At Bray Leino we practice much of what was discussed on a daily basis, she writes. So it was nice to hear industry thought-leaders affirming that we’re all on the same page as B2B marketers; that technology and data are only as good as the people and plans running them; that emotion can absolutely play a part in B2B messaging and that we can achieve more today through digital in B2B marketing than has ever been possible in the past.
As a young marketer trying to soak up as much knowledge and information as I can, it was a great event packed with useful practical insights. Here are my favourite bits:
Catherine Howard, Head of UK&I Marketing at ATOS for just a year, explained candidly how she constructed and presented a new marketing strategy at board level, resulting in a 50% budget increase against a historic backdrop of budget reductions. She did it using terms and metrics she knew her executives could relate to, talking in a language of measurable ROI; a language that I’ve become well versed in since working with Bray Leino. Interesting that for her internal stakeholder management was as crucial to success as external.
Mobile and social media are personal spaces, so if we want to really engage a B2B audience there, we need to get personal. That means being personalised and getting human. Jon Watton, Director of Digital marketing EMEA at Adobe, gave some good examples of emotion in B2B advertising. Fair enough though Jon, but Adobe is a brand that has a license to have a bit of fun, what about less cool B2B brands? Nonsense, he reckoned, good content is about being confident and having the guts to a strong opinion on a hot issue. Be brave, have some fun.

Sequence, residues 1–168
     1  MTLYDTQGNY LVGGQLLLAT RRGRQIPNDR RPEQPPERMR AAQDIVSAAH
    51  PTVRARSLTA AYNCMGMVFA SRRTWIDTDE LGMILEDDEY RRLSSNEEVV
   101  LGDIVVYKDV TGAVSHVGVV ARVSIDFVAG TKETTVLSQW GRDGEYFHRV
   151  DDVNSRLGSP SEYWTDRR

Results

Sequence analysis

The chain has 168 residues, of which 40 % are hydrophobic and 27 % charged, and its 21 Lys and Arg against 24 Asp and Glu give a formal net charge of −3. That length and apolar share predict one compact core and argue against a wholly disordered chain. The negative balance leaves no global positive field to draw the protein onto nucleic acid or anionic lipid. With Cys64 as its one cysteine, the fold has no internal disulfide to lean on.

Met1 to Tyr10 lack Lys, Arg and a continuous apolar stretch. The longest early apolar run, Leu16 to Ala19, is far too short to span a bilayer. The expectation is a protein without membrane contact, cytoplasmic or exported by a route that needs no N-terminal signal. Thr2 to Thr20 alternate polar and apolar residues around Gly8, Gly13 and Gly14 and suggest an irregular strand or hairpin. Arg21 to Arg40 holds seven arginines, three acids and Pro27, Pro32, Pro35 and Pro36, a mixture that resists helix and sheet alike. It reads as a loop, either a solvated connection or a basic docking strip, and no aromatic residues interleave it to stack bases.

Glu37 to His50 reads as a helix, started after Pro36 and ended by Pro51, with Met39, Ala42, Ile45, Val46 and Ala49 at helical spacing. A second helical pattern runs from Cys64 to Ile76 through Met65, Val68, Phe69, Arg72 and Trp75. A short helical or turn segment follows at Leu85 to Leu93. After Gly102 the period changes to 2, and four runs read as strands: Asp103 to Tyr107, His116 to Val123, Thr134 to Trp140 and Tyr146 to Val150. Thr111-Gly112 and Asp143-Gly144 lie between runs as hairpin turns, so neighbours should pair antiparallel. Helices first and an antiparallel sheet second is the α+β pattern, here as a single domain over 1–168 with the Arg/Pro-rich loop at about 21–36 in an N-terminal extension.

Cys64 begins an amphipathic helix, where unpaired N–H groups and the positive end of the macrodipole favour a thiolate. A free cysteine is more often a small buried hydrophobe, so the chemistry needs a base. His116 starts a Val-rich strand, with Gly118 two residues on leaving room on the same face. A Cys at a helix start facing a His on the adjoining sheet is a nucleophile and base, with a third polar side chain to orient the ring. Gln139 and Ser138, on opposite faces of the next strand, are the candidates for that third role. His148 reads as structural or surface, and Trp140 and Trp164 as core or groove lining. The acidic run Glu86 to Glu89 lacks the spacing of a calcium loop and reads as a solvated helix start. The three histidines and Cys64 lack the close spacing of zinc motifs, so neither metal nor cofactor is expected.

Our rule is that quality over quantity is key when it comes to content. With so many B2B businesses creating whitepaper and editorial content online, we risk getting lost in a sea of sameness. Several speakers touched on the need to make it snappy, easily digestible and, crucially, to look for advocacy everywhere. That means empowering workforce and business leaders with useful, shareable content and giving them the tools to promote it.
Investing time growing significant accounts, treating them as markets in their own right, is an approach we advocate and advise our clients on where relevant. And many of the speakers and delegates agreed that, to varying degrees, it’s an important, cost effective approach to business growth, building trusted partnerships and strong relationships with key accounts.
The need for skills is nothing new; Dell’s Simon Hall mentioned his UK SMAC (Social Media and Communities) upskilling initiative, which has helped him bring his entire workforce on board with his digital drive for brand perception change. As some presenters acknowledged, the process isn’t easy or painless, but in-sourcing is a definite trend, with core activities brought in house and agencies brought in to deliver non-core, innovative campaign-based work. This ensures that the new technology can be utilized effectively rather than being an expensive stumbling block.
Never underestimate the importance of really getting to know your audience and spending the time to fully map out a customer journey. Adrian Hardy, Head of Volume Marketing at BT Global services, explained how his team target accounts through vigorous customer profiling and scoring in relation to how well specific accounts perceive their brand. Hardy’s team has created live leads out of customer data previously considered null. His case study demonstrated how important customer profiling is and the role carefully planned communications play in the customer journey.
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